How to Bring New Life to Your Deadlift

Woman lifting weights as a deadliftThe deadlift is a classic strength exercise for good reason: it works most major muscle groups and can be modified to fit your fitness level. To help bring new life to this fan favorite, here are several variations to keep your body guessing, target different muscles, avoid overuse injuries and help you be fit. But first, let’s go over the conventional deadlift with an eye on its benefits and technique.

The Basic Deadlift

The deadlift is one of the most popular strength exercises because it also is one of the most effective. As a compound, or multi-joint, move (meaning it works more than one joint at a time) it’s especially useful for training the lower body, involving hips, knees and ankles.

This in turn increases the focus on technique, especially for engaging your core (which is great for your abs, glutes and back) and aligning your joints (which is great for posture and balance).

Happily, all this work and attention pays off with the deadlift, since you’re recruiting more muscle than single-joint moves can do on their own.

If you’re new to deadlifting, start with the basics, with an empty barbell. Once you perfect your form, add weight, and then add variations to help progress your workouts.

  1. Stand with feet, hip-width apart, weight/bar in front of you.
  2. Bend your knees and reach down toward the bar with your palms facing you, so your arms are vertical to the floor.
  3. Keep your back as straight as possible, your chest upright and your head in line with your neck as you lean forward and grab the bar.
  4. Hold your abs, lift the bar and squeeze your glutes as you straighten up to stand, your bodyweight driven into your heels. Keep the bar close to your body.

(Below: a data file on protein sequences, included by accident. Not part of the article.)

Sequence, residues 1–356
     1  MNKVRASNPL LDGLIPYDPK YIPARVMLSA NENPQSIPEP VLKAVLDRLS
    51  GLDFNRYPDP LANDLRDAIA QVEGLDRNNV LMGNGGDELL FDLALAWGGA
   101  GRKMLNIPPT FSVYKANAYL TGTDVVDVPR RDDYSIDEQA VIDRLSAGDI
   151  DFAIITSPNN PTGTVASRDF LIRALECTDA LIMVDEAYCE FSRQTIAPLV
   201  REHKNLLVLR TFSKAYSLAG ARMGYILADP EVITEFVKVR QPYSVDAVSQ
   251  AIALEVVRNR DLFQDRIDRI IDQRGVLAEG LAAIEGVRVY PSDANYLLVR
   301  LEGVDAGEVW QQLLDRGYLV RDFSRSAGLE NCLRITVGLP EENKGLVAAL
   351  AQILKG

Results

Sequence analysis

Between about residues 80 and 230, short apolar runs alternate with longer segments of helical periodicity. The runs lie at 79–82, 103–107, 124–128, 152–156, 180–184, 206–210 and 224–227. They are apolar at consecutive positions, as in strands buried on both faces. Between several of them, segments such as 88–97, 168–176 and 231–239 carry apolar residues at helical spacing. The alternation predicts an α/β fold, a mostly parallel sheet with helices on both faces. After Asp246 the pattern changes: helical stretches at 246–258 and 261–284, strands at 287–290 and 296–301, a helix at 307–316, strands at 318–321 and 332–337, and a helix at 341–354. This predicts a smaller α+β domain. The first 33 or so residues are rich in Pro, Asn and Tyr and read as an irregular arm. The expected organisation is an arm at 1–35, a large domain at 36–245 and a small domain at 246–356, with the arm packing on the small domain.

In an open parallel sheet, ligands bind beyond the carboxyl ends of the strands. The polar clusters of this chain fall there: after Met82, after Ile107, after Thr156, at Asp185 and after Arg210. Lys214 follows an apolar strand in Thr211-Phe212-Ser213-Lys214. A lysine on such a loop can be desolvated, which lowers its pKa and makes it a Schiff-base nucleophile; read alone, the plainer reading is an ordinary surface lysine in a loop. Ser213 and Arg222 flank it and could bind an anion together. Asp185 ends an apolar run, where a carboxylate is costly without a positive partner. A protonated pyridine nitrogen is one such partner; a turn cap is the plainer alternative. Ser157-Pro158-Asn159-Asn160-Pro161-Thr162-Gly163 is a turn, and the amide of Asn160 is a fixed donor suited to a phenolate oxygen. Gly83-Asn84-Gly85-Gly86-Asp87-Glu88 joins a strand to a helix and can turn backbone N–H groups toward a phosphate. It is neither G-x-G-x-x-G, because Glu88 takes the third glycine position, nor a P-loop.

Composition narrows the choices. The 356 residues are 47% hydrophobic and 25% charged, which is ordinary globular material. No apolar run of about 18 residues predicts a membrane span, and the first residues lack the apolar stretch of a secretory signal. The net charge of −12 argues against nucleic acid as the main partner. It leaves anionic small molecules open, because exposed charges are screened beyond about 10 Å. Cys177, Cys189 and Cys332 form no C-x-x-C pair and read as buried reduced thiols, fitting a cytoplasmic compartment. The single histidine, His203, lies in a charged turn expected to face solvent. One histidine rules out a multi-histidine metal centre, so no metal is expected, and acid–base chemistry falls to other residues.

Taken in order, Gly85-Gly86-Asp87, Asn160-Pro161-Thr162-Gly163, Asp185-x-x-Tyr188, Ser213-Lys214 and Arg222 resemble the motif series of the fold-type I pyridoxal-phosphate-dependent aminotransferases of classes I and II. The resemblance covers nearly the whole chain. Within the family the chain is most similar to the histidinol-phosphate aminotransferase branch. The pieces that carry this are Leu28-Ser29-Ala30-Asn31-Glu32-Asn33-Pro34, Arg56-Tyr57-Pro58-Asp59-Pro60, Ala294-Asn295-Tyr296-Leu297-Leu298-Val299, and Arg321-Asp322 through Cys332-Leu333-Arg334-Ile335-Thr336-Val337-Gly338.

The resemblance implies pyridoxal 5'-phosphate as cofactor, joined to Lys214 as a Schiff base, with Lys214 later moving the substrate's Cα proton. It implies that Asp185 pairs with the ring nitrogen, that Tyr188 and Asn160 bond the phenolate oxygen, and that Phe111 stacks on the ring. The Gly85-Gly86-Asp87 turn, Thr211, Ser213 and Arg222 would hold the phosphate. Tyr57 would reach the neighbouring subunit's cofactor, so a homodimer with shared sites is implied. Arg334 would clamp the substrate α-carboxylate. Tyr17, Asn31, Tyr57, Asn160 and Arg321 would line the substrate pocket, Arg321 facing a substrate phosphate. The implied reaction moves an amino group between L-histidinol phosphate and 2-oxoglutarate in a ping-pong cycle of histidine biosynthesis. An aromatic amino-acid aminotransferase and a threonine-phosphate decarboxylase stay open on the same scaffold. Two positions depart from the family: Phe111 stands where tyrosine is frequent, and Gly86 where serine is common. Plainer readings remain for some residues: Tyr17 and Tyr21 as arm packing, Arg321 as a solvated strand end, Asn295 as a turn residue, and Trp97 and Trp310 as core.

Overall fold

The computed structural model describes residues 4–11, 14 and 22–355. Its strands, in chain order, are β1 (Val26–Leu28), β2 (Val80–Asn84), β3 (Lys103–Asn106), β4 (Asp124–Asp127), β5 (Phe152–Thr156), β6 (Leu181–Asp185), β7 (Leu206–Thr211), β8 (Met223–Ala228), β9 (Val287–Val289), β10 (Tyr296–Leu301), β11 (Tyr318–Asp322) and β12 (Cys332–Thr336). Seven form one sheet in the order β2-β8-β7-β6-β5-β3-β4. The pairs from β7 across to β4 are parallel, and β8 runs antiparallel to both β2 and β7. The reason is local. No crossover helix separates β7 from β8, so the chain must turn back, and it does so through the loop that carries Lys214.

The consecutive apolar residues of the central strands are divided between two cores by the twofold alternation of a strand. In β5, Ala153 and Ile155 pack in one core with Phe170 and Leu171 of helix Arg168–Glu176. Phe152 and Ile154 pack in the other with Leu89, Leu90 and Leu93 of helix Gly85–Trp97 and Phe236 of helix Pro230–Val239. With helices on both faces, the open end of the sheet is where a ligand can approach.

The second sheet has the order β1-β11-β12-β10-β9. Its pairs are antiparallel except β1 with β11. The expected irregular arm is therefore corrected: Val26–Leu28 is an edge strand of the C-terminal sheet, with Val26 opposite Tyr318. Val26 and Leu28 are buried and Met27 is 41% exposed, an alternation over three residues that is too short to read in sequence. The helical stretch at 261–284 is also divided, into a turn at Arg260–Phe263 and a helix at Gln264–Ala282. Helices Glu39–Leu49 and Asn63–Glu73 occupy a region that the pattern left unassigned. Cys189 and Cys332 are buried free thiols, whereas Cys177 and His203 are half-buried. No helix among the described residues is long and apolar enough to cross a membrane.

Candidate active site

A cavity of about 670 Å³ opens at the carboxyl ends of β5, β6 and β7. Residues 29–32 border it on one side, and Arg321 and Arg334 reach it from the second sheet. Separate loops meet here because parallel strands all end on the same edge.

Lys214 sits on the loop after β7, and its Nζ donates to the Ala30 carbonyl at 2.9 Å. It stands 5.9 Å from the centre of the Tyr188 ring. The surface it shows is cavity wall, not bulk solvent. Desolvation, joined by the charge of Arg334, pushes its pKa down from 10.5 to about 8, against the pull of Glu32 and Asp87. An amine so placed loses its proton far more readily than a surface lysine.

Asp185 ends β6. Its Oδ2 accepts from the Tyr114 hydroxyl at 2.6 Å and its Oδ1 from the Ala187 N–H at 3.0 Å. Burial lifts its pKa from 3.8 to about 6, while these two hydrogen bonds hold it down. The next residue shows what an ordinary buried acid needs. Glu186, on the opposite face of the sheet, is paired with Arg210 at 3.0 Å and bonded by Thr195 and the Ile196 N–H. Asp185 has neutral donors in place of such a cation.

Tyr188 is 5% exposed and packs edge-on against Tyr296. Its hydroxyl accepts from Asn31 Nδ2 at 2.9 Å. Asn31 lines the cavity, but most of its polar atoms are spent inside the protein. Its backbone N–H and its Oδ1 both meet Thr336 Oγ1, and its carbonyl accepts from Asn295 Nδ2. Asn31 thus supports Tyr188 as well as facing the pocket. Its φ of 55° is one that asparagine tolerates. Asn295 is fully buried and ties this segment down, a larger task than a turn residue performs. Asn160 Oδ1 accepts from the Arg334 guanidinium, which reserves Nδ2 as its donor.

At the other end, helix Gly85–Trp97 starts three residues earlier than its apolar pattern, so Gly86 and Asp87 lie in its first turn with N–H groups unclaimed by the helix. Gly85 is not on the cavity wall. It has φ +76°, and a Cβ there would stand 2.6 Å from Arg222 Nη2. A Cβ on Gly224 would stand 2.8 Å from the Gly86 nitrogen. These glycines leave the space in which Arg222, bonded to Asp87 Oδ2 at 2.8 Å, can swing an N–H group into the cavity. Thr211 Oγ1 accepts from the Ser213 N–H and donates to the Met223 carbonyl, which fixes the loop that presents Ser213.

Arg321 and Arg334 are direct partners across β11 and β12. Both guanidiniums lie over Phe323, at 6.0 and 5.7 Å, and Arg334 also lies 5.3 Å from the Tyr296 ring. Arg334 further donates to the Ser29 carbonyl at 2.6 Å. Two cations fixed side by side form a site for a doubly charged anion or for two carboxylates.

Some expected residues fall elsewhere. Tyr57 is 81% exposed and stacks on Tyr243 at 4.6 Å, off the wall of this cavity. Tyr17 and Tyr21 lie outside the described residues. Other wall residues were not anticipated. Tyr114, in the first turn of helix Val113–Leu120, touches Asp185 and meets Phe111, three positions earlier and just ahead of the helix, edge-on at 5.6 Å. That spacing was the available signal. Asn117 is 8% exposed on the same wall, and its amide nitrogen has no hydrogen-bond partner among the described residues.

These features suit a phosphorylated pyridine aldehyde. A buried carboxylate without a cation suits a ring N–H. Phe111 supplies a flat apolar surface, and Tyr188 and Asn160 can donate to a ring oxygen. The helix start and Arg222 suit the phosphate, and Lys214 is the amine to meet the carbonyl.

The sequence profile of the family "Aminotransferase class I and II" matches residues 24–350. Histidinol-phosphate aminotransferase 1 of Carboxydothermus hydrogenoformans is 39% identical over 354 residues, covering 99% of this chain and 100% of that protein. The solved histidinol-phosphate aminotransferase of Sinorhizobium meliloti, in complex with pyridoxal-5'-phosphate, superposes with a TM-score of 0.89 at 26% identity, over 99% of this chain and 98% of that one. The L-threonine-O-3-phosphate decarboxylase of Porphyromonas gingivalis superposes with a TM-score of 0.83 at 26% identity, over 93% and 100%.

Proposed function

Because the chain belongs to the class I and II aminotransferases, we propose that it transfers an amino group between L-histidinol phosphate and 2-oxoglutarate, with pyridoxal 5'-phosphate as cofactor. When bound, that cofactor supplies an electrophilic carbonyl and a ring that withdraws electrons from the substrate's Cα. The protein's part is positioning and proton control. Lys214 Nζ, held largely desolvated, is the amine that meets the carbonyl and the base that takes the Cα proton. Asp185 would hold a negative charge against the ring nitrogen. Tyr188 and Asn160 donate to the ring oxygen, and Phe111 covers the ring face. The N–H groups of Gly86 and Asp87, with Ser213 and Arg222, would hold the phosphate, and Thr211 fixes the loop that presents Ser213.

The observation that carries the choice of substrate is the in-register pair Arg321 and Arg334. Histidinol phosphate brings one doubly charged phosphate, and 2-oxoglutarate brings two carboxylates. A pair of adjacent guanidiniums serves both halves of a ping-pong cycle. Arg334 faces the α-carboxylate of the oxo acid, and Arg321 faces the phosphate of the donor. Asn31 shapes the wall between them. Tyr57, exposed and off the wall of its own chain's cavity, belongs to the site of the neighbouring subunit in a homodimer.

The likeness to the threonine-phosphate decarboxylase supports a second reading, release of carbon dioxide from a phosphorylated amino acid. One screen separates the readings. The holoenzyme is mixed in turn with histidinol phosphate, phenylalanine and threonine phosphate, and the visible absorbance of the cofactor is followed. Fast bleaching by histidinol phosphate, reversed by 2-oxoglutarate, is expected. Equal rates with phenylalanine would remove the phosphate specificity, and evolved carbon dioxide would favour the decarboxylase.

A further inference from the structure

5. Reverse the move to lower the bar down, then return to the starting position.
  6. Perform short sets (1 – 4) of fewer reps (4 – 6).

Not sure your form is correct? Click here to request a complimentary Personal Training Session for additional help.

Deadlift Variations

Depending on the variation and stance you choose, your deadlifting can bring some extra work to your hamstrings, quads, back … even your arms. Which deadlift is best? A variety is a great idea, to help you build nearby and smaller muscle groups, perhaps to add weight and mass, and to avoid overworking some of the large muscle groups of the classic deadlifts.

Your lower body has a large expanse of muscle, and the more muscle fibers you recruit, the more effective your workouts will be! You can change the position of your stance as well as the weights, and even work your way up to single-leg versions when you’re ready.

Below are four deadlift variations you can use to bring new life to your workouts. We recommend checking with a trainer to help you perfect the form and avoid injury if you’d like to progress to more challenging lifts!

Dumbbell Deadlift. Just like it sounds, instead of a barbell, you’ll use dumbbells—one placed on the outside of each of your feet in your stance. This variation lets you engage your lats and scapular area more than the conventional deadlift. You also gain the benefits of working on unilateral balance, and you’ll feel a more balanced pull between hamstrings and quads, too.

Sumo Deadlift. This version uses an extra-wide plie (sumo) stance with the hips and toes turned open. It has a shorter range of motion and is a good choice for shorter folks who may be thicker in the middle, and for those with less ankle mobility. It also takes some of the pressure off your spine and activates your hips more.

Romanian Deadlift. This alteration from the basic deadlift is in the stance and legs. The foot stance a little narrower with the back very flat and knees are just barely bent. This requires additional flexibility, and as a result can put more strain on the low back. That’s why more moderate weights and sets are a wise choice—go light on that hamstring stretch at first!

Single-Leg Romanian Deadlift. You guessed it, a very advanced move is created when the deadlift stance moves from two feet to one. It’s amazing for the glutes and a challenge to core stability. No weights needed to learn this one, and you can balance your toe behind you on a bench to get the hang of it.

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